The culture secretary, Karen Bradley, was doing the rounds of breakfast television this morning. She spoke to BBC Breakfast and ITV’s Good Morning Britain about her new plans for online safety.
But the discussion inevitably veered towards Brexit, after Theresa May’s interview yesterday in which she apparently refused to say if she’d vote to leave the EU in the event of a new referendum.
Ms Bradley told BBC Breakfast:
“We are delivering on the will of the British people from the binding referendum we had in June 2016 and we are leaving the European Union.”
Later, she used similar language on Good Morning Britain: “What I’m saying is that the British people in a binding referendum last year voted to leave the European Union”.
She’s right that more votes were cast in favour of leaving than in favour of remain last June (17.4 million for leave versus 16.1 million for remain).
But as some commentators have pointed out, it’s not strictly correct to say that the referendum result was binding – at least not in a legal sense.
There was nothing in the EU Referendum Act that made the result legally binding
The European Union Referendum Act 2015 – the law that allowed the referendum to take place – didn’t specify what would happen in the event of a vote to leave.
We know that because it didn’t contain any explicit statement to make clear that the result would be legally binding.
The House of Lords Constitution Committee explained in a 2010 report why that’s the case. It said “because of the sovereignty of Parliament, referendums cannot be legally binding in the UK, and are therefore advisory”.
In other words, unless Parliament actively agrees to bind itself to the result of a future referendum, it is not legally obliged to enact the outcome.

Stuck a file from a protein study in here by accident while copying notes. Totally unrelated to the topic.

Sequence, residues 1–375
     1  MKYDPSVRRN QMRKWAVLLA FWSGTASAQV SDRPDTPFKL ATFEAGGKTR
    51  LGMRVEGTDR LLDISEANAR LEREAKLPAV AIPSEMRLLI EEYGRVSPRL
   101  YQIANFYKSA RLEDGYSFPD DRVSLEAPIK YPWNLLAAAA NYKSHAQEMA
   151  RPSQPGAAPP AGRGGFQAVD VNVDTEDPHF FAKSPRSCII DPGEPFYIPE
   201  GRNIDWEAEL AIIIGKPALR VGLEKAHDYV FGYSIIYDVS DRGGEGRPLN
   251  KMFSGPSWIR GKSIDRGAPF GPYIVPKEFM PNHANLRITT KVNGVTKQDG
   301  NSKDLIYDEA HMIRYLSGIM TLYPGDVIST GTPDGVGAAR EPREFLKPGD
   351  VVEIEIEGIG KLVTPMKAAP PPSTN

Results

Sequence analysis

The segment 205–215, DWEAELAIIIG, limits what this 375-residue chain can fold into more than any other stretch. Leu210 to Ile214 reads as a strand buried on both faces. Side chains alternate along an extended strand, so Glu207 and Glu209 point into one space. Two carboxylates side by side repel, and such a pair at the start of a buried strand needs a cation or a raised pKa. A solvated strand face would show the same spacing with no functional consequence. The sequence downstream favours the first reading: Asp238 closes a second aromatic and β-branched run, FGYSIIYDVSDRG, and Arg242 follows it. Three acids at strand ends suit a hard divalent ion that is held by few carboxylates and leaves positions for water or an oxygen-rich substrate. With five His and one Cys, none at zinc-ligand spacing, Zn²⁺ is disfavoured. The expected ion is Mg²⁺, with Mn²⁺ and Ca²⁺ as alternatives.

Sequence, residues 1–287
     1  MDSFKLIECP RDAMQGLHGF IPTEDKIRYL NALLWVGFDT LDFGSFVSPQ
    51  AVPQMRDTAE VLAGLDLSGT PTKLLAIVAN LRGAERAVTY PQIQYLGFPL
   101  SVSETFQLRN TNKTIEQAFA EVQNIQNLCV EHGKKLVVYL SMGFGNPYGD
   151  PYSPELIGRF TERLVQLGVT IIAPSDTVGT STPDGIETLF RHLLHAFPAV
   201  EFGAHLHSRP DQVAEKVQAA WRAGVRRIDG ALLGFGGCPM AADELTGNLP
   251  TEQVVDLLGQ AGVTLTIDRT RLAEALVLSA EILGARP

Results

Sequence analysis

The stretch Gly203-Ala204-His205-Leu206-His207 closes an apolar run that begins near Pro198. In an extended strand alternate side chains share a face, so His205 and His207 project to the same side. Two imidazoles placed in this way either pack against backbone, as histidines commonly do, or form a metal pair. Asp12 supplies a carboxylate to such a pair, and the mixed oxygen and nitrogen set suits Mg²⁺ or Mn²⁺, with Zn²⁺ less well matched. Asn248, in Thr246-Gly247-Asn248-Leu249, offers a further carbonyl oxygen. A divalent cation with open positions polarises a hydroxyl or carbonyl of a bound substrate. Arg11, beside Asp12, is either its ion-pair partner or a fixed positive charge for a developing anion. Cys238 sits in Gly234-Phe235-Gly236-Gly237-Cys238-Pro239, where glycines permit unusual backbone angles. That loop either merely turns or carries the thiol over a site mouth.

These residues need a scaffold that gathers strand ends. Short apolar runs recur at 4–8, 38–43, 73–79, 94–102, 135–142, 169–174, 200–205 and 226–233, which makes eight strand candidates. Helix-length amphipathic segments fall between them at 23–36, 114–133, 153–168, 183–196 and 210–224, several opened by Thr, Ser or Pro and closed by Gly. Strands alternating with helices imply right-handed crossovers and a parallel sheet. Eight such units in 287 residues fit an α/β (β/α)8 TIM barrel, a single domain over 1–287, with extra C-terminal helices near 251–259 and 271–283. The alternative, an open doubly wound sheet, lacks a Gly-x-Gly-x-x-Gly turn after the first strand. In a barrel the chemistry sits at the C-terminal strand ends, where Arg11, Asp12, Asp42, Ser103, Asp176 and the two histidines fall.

In fact, the government recognised the need to make these things explicit in 2011, when Parliament passed the legislation to allow for a referendum on electoral reform. Section 8 of the Parliamentary Voting System and Constituencies Act 2011 makes very clear that the government would have to enact a new voting system in the event of a “yes” vote.
There was no such provision in the EU Referendum Act, which in legal terms means that the result was not binding.
Indeed, this was the basis of the supreme court ruling in January 2017, which clarified that an act of Parliament was required before the government could trigger Article 50.
Not legally binding, but politically inevitable?
But of course, the political reality is very different. In the same House of Lords report that said referenda were not legally binding, the committee concluded that “it would be difficult for Parliament to ignore a decisive expression of public opinion”.
Polling from earlier this year suggests around 70 per cent of the public believe Brexit should go ahead – including some “Re-leavers”, who voted to remain last year, but who now accept that the UK should withdraw.
Against that backdrop, it is hardly surprising that Ms Bradley would consider enacting the referendum result to be a political inevitability.